Rexam Wins Top Three Spots in Intra-industry Recycling Contest

Industry-wide effort recycled about 140 million aluminum cans and raised $150,000 for charity.

The aluminum beverage can industry collected and recycled approximately 140 million cans and raised more than $150,000 for charities across the country through a competition among can companies and aluminum suppliers, the Can Manufacturers Institute (CMI) announced recently.

The Rexam beverage can manufacturing plant in Chatsworth, Calif., won first-place in the competition, with more than 55 million cans collected and recycled. Second- and third-places went to Rexam’s Fairfield, Calif., and St. Paul, Minn., plants, which collected approximately 31 million and 21 million cans, respectively.

“We’re proud to team with our industry and local communities to support recycling,” said Andre Balbi, president and CEO, Rexam Beverage Can Americas. “Our manufacturing plants are setting a positive example in our communities, showing how the aluminum beverage can is the best choice for environmental-friendliness and sustainability.”

The contest, the America Recycles Day Challenge, took place over 76 days and involved 55 facilities, including plants and corporate offices of aluminum companies: Alcoa Inc., Arco Aluminum, and Novelis and can manufacturers: Ball Corporation, Metal Container Corporation, and Rexam. The individual facilities partnered with schools and local organizations to collect and recycle used beverage cans. Proceeds from the effort will benefit Habitat for Humanity, the American Red Cross, Boys and Girls Clubs, Boy Scouts, Girl Scouts, Toys for Tots and other charities throughout the United States.

“This was a great team effort and every participating company, facility and employee should be proud of the difference we have made in our local communities and for our environment,” said Robert Budway, president of CMI. “Through this effort we diverted more than four million pounds of cans out of the waste stream and back into new products, and in so doing we raised a lot of money for a lot of worthy causes.”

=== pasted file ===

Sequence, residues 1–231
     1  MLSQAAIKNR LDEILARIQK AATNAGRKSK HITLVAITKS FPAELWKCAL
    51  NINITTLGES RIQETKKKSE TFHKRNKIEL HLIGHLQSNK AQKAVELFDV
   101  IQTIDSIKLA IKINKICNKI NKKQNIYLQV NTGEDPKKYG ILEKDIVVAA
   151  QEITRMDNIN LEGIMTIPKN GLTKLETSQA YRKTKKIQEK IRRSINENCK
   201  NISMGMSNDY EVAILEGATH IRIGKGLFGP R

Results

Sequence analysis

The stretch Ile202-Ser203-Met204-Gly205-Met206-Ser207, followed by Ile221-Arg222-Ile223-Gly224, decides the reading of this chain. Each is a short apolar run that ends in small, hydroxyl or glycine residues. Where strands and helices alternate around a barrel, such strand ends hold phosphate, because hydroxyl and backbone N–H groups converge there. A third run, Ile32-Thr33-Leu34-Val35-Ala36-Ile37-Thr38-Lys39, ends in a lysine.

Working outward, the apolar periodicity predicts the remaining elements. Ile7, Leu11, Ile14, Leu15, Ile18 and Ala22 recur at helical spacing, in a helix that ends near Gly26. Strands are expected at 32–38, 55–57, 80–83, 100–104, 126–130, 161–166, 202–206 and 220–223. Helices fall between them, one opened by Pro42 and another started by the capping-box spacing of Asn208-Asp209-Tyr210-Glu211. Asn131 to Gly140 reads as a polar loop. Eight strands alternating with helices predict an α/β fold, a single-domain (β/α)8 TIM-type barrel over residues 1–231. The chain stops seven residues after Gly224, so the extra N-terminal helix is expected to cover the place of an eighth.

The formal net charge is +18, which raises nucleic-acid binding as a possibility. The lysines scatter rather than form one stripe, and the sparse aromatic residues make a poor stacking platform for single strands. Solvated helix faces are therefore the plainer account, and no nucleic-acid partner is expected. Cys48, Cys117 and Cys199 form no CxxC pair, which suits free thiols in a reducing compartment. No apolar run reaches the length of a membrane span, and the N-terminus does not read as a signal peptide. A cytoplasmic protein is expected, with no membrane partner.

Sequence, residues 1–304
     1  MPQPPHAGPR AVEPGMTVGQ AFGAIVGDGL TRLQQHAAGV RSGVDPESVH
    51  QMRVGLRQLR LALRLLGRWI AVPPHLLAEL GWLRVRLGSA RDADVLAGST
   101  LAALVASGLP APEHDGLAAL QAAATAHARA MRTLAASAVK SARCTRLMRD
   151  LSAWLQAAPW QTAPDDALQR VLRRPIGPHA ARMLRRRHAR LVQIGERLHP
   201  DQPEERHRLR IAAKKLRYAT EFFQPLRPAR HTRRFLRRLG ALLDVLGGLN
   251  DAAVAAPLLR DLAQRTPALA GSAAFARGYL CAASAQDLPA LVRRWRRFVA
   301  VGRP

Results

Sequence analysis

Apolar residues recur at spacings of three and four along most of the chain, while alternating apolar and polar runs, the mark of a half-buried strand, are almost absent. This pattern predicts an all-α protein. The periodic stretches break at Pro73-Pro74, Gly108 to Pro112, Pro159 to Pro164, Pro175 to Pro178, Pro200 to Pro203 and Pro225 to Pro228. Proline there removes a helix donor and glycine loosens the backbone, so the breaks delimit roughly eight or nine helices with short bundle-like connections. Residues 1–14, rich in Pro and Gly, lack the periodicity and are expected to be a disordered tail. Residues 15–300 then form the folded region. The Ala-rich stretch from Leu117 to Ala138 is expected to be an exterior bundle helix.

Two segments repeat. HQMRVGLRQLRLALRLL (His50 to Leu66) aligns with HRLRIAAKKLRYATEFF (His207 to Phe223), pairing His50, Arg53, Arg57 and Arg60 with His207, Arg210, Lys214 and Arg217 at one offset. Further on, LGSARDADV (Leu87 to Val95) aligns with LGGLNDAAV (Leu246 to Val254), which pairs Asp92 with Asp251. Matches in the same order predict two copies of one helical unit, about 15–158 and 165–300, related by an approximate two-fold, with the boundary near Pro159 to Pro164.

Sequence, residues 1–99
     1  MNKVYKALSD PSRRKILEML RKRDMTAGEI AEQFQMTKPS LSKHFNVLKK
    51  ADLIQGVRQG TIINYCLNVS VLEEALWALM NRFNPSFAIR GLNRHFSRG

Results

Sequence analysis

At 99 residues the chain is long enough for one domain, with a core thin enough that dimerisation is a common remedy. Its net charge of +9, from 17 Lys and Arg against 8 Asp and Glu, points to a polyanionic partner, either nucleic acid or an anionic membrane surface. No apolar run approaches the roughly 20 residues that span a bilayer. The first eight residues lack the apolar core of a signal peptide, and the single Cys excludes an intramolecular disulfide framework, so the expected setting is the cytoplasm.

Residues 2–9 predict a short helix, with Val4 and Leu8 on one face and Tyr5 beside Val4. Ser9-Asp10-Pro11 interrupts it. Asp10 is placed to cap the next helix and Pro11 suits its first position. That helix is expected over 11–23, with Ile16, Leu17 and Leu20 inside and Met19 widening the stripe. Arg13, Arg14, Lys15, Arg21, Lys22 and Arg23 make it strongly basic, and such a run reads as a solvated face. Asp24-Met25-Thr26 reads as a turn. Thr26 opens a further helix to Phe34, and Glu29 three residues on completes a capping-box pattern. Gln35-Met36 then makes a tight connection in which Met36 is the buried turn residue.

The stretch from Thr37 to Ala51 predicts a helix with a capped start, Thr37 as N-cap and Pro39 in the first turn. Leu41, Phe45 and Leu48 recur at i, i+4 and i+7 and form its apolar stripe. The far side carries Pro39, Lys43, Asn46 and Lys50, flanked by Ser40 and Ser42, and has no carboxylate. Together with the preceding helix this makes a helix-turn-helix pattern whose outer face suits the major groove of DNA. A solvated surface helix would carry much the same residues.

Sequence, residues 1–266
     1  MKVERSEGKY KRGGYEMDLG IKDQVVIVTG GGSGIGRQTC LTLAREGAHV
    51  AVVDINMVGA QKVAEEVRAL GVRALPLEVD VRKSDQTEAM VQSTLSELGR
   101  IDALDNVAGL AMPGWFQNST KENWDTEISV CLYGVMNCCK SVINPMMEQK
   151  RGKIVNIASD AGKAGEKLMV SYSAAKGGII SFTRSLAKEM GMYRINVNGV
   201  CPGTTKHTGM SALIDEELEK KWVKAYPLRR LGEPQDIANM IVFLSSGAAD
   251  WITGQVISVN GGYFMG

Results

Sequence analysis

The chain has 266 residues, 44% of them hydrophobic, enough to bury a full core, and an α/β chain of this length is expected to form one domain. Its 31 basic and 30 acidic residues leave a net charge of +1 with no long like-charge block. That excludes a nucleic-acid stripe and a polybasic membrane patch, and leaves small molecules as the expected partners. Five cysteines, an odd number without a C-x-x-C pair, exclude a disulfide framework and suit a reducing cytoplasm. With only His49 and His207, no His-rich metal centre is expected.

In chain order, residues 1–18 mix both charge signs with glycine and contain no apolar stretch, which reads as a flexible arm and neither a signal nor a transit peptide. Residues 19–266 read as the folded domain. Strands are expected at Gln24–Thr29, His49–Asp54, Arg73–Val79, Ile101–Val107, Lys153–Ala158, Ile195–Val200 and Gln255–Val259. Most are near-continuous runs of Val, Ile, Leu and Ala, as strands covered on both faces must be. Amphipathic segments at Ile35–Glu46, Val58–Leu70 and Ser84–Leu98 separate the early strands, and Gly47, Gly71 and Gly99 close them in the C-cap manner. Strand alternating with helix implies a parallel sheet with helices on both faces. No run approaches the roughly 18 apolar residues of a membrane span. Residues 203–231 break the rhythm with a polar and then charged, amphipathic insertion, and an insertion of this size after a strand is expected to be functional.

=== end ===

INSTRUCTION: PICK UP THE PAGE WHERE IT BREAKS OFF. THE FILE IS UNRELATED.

With a recycling rate of 57.4 percent, aluminum cans are the most recycled of all beverage containers. Aluminum cans are “infinitely recyclable” and can be recycled into new cans and put back on store shelves in as few as 60 days. And can recycling benefits the environment in ways that extend beyond just minimizing landfill waste. For example, producing a can with recycled content requires 95 percent less energy than making that same can out of raw material. This, in turn, conserves energy, reduces greenhouse gas emissions, and saves money.

The annual America Recycles Day Challenge was launched in 2003 with a goal of raising recycling awareness and giving back to local communities. Since the program’s inception, more than 290 million cans have been recycled.

CMI is the national trade association of the metal can manufacturing industry and its suppliers in the United States. Members account for the annual domestic production of 130 billion food, beverage and general line metal cans. Together, they employ approximately 32,000 workers and operate nearly 150 plants in 36 states.

In February, the Aluminum Association celebrated Charles Martin Hall's discovery of the method to produce aluminum commercially, which occurred 125 years ago. Association President Steve Larkin said: “Almost three-quarters of all aluminum ever manufactured is still in use. Think about that for a minute. If that’s not the very definition of sustainability, then I don’t know what is.”

Source: Can Manufacturers Institute